28th Sep 2023


EU firms expected to flee Russia after Danone, Carlsberg raid

  • Danish brewer had almost completed its sell-off when the decree came out (Photo: Hernán Piñera)
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Russia's raid on Carlsberg and Danone will likely see other foreign firms still there "stampede to the exit", the Yale School of Management says.

With one swipe of his pen last Sunday (16 July), Russian president Vladimir Putin suddenly snatched control of Carlsberg and Danone's Russian beer and yoghurt-making subsidiaries.

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Neither the Danish brewer nor the French food-maker would tell EUobserver how much this will cost them, but the subsidiaries accounted for between 2 and 6 percent of their global turnover, according to industry estimates.

Both firms said in press releases they were surprised by the move and were considering legal action.

But for Jeff Sonnenfeld, a senior professor at the Yale School of Management in the US: "They really should have seen it coming — they were naive".

"I wouldn't be surprised if [British-Dutch consumer goods firm] Unilever or high-profile consumer brands, such as [Italian fashion label] Benetton or [US soft-drinks maker] PepsiCo, are next in line [for asset-grabs]," he added.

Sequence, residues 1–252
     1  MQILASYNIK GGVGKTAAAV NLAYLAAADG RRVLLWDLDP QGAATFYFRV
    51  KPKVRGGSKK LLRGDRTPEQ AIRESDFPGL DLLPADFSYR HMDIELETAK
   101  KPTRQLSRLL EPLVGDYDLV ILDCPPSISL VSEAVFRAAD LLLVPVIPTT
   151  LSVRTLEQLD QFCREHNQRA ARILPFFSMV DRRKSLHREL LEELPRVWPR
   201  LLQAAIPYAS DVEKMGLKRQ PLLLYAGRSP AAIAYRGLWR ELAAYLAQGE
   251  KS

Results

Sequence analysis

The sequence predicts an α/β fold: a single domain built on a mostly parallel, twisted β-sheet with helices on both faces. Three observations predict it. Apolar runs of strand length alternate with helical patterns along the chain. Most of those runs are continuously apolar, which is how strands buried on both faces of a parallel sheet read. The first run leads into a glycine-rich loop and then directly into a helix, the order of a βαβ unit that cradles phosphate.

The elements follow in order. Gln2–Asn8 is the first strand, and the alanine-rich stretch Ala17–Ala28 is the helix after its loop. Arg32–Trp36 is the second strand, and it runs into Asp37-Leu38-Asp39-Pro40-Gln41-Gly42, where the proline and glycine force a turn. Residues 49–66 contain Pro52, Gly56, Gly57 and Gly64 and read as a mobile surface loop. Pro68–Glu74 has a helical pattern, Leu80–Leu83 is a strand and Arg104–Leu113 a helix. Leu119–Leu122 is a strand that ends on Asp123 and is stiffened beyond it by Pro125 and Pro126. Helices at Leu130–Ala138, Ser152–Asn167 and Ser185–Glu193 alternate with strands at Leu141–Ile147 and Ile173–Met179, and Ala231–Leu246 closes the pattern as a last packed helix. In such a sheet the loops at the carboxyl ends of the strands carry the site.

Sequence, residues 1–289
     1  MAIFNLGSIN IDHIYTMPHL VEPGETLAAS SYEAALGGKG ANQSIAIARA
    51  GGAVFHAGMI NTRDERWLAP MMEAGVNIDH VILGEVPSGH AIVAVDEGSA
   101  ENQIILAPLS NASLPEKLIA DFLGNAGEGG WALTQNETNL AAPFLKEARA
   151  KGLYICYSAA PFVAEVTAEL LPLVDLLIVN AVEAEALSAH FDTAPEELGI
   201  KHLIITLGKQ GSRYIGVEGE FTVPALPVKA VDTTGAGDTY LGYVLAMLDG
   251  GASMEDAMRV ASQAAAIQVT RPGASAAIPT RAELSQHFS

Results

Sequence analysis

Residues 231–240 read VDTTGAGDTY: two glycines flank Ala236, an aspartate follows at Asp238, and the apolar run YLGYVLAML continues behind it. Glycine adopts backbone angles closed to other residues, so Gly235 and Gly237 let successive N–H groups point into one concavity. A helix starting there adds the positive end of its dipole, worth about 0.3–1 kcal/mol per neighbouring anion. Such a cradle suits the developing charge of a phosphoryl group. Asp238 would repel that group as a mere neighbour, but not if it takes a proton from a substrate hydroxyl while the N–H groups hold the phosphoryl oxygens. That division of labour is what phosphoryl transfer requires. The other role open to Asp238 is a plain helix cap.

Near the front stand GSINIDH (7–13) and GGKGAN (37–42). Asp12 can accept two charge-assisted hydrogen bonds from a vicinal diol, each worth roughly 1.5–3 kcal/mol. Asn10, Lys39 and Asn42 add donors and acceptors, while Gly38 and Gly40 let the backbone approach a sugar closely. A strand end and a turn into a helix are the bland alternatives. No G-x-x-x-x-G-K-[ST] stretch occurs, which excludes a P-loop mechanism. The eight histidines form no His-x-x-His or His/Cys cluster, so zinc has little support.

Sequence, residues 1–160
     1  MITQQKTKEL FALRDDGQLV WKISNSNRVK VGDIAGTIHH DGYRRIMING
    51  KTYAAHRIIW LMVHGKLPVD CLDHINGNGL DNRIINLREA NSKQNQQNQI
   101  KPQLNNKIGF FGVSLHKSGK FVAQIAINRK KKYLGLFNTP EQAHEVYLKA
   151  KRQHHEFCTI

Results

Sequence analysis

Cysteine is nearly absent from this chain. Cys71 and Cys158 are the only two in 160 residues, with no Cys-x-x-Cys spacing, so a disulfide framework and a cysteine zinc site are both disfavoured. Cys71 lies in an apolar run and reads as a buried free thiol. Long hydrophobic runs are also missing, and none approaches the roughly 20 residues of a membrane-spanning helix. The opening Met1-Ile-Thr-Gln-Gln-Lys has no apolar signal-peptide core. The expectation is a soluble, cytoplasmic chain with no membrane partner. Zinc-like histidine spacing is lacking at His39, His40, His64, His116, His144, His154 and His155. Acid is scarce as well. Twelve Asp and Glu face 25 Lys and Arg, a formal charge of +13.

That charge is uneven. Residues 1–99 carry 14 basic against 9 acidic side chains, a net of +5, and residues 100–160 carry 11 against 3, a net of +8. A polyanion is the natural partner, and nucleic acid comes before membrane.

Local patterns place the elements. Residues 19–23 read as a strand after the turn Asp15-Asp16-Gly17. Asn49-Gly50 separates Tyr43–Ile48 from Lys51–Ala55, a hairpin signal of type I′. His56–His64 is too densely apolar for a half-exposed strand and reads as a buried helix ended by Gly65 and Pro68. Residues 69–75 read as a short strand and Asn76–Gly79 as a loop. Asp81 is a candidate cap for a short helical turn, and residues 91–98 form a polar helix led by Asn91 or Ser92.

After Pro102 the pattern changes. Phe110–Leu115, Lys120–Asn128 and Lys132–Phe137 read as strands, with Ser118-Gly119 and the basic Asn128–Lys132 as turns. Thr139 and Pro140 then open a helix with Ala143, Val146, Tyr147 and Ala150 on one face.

The Yale School of Management has been tracking foreign investors in Russia since Putin invaded Ukraine last February.

Some 1,050 firms fled Russia immediately, but about 600 are still there, even if some of them, including Danone and Carlsberg, had belatedly started the process of selling up.

"That's the punishment for vacillating," Sonnenfeld told EUobserver on Tuesday.

"This [Putin's corporate raid] should cause a stampede to the exit — it's ridiculously risky and foolish for them to stay there," he added.

Putin already did the same to Finnish and German energy firms Fortum and Uniper in April.

And if Danone and Carlsberg are keeping quiet, Fortum's reaction gives a clue to what they might do next.

Fortum will "fully write down the entire book value of its Russian assets", recording a hit of €1.7bn for the second quarter of 2023, a spokeswoman told EUobserver.

It will still try to sell what Putin took over, because "due to the wording in the Russian presidential decree, Fortum still holds the formal title of the assets and therefore continues to pursue a divestment".

And it will try to recoup its losses via international arbitration.

Fortum "sent notices of dispute to the Russian Federation due to the violations of international investment treaty protection" on 13 July, the spokeswoman said.

"These notices of dispute are the first step required in the arbitration proceedings, which are expected to be initiated at the end 2023," she added.

But if any EU company thinks Putin will abide by the verdict of an arbitration tribunal or any other court, that's also naive, Yale's Sonnenfeld said.

"They have zero chance of getting their money back via legal means — it would be Quixotic and a waste of time," he said.